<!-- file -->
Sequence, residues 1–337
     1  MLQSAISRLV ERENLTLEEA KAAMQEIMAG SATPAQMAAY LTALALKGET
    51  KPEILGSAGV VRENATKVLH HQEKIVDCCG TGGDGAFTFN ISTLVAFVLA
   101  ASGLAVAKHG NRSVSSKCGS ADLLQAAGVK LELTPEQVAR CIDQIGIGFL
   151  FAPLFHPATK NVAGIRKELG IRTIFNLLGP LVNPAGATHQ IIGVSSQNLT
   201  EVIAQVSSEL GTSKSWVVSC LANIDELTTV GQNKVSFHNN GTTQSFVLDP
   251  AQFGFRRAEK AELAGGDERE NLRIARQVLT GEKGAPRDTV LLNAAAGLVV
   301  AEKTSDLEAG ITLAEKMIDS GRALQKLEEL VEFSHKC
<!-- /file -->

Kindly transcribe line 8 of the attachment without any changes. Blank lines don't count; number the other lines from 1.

   301  AEKTSDLEAG ITLAEKMIDS GRALQKLEEL VEFSHKC